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10

For the EU, the controlling technical reference for your question is found in EC Regulation 206/2009 and the other related regulations such as EC Regulation 136/2004. I assume that 'Indian Chips' are a recipe containing potatoes (kale, bananas, and other foodstuffs qualifying as 'chips') which have been fried in oil (e.g., sunflower oil) and other spices ...


-5

MOST countries severely restrict the importation of food from abroad. Spain AFAIK is no different. So unless you want to eat the stuff on board during the flight, you're liable to get in trouble with UK customs on arrival and have to watch your stuff getting confiscated, probably also facing a fine.


3

The Manchester Airport FAQ page has a section on Domestic to Domestic flight transfer which states: Transferring from a domestic flight to another domestic flight On disembarking from the aircraft check the flight information screens for the gate of your onward flight. If no gate information is shown please proceed to the Terminal 3 Departure ...


12

The British Airways page on liquids, banned and restricted items has a link to a PDF document detailing the items which cannot be carried as cabin luggage. This document mentions toy guns as being forbidden in carry-on luggage (emhpasis mine): PASSENGERS AND CABIN BAGGAGE Without prejudice to applicable safety rules, passengers are not permitted ...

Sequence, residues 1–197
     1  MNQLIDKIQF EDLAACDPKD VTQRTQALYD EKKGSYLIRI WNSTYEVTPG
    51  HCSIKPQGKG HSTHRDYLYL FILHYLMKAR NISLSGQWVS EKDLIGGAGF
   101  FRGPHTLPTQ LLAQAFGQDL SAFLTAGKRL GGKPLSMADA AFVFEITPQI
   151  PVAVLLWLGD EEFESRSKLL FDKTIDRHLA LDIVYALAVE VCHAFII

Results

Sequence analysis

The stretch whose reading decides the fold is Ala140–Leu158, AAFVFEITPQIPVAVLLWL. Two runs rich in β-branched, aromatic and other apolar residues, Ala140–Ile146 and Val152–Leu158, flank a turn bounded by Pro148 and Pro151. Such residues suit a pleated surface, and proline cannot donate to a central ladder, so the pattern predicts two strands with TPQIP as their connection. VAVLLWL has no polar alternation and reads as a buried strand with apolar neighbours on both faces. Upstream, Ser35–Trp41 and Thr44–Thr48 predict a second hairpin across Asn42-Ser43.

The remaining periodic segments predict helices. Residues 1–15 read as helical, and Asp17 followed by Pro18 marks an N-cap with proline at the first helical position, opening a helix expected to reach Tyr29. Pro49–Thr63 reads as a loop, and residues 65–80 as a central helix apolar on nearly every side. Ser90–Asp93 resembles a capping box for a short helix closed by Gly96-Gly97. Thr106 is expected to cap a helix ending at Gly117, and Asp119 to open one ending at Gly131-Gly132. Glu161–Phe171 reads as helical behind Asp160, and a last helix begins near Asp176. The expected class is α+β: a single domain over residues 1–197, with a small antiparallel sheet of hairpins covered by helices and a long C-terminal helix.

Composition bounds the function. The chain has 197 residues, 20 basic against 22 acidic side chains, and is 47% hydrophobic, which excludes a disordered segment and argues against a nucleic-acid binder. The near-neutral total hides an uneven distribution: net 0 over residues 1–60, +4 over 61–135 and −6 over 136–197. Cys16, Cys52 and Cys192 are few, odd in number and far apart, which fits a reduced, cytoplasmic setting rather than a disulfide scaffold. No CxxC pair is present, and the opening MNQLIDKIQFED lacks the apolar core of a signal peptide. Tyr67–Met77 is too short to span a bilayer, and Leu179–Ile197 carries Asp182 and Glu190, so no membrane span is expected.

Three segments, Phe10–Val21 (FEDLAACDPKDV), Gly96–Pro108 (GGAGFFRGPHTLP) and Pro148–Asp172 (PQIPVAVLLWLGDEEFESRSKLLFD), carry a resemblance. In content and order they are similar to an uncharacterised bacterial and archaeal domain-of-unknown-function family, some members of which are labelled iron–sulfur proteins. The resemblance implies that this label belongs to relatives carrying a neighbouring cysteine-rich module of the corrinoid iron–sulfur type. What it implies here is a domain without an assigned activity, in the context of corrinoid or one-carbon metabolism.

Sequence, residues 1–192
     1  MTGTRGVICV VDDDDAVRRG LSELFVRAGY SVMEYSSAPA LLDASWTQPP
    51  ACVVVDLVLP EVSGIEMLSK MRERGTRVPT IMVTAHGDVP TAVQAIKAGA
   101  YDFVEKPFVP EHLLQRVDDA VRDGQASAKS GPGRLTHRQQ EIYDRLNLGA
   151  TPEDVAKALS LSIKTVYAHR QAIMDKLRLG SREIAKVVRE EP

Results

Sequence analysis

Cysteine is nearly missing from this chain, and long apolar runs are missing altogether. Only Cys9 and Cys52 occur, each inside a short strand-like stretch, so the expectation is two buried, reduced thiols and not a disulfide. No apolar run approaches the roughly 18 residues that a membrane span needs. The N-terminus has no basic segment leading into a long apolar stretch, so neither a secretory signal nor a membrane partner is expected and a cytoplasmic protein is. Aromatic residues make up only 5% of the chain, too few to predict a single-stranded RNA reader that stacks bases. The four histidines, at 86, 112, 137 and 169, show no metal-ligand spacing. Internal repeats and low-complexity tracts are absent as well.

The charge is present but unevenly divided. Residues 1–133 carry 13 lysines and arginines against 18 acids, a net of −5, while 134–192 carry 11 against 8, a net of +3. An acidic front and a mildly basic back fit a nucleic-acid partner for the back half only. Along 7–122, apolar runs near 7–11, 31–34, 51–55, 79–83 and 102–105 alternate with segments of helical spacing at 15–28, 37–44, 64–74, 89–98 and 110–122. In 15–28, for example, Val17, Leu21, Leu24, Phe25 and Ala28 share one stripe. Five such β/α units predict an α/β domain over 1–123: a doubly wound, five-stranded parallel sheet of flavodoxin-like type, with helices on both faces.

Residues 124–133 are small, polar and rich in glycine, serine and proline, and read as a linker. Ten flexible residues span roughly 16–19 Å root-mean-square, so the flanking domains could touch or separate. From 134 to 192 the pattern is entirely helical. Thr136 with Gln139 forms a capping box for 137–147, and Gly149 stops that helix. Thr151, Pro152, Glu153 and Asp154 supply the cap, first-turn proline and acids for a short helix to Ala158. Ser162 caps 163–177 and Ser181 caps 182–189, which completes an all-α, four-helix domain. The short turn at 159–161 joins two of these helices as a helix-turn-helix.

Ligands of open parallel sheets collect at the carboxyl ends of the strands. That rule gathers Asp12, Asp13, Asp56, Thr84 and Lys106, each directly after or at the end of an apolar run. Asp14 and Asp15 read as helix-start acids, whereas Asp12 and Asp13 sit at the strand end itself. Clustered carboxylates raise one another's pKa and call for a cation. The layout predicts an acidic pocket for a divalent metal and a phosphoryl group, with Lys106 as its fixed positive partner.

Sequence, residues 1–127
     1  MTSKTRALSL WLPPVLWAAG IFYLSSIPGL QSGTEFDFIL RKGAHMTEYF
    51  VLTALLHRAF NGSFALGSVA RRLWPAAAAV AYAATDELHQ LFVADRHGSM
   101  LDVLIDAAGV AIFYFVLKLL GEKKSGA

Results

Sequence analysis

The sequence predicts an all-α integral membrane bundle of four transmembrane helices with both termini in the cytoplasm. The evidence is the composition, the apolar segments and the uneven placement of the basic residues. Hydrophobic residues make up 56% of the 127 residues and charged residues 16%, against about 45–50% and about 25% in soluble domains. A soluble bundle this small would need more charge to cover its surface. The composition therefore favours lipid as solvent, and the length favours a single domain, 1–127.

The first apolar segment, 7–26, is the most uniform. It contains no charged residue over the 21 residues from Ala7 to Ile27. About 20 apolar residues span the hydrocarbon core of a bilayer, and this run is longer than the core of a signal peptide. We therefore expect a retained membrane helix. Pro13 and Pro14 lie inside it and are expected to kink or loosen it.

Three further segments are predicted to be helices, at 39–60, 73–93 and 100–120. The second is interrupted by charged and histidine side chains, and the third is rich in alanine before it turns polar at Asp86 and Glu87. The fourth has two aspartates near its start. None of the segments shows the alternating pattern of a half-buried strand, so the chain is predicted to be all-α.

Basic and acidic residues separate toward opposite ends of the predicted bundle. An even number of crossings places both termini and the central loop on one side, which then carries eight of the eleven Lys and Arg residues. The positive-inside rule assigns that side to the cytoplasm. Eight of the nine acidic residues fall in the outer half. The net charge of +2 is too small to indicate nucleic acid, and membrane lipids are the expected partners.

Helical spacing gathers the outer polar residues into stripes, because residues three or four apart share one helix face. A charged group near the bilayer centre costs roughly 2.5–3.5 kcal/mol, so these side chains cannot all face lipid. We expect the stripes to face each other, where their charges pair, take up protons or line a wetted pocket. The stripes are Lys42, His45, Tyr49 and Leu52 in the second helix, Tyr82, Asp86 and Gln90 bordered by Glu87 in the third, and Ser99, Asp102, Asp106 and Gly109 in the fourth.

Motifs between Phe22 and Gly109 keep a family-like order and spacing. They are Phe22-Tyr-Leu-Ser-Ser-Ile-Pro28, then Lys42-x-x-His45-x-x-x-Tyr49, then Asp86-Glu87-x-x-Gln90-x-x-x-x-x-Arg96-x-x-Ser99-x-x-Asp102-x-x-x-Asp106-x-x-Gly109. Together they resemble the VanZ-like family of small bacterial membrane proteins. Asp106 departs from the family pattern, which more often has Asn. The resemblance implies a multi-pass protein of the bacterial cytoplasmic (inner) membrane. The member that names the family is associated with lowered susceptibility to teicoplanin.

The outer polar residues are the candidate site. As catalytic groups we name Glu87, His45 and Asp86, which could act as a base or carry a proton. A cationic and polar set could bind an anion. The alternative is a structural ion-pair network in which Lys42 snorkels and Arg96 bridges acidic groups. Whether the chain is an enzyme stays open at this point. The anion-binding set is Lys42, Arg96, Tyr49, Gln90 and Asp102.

9

Within the EU, you can bring the water gun, but not the nerf gun in your cabin luggage. The relevant EU regulation ban 'devices that discharge projectiles', which should cover the nerf gun. The water gun is ok as long as it is obviously a toy gun and is not 'appearing capable, of being used to cause serious injury by discharging a projectile'. Categories ...


2

So here is what happened. Many of the really small airports and legs didn't have security at all. Domestic flights within Fiji or Vanuatu, for example, you could bring an arbitrarily large bottle of water, there was no xraying, etc. In the places where there was the traditional security setup, (including the final MIA-YYZ leg involving TSA in the US) nobody ...


2

The average European airport security is only marginally more patient than the TSA. That is to say, they are mini-dictators in their little realm. On top of that, they're paranoid, overworked and hated by all. It's not a productive mix. If they see this —and they will— they will inspect it. Some might buy that it's caffeine. Some wont. Nobody can tell you ...


2

Always carry: Labels Prescriptions Even if its in weird packets. I traveled quite a bit with herbal medicines that always raise issues: Powders Unmarked brownish/ olive/ sandy colored Pills in similar small plastic Herbal oils So, I carry: labels inside/ stuck on each little plastic sachet or bottle Detailed written Prescription from ...


0

I've carried on a container of white powder in the US and China, nobody has taken note of it. I've also carried multiple pounds of white powder still sealed in properly labeled manufactures packaging. That being said, I wouldn't bring a bag of powder, period. Put it in something more substantial!


3

I would avoid bringing samples of pure caffeine on aircraft because caffeine is somewhat toxic (1-10 g) and therefore is probably prohibited by flight regulations. Source: http://well.blogs.nytimes.com/2015/05/18/caffeine-powder-poses-deadly-risks-2/


9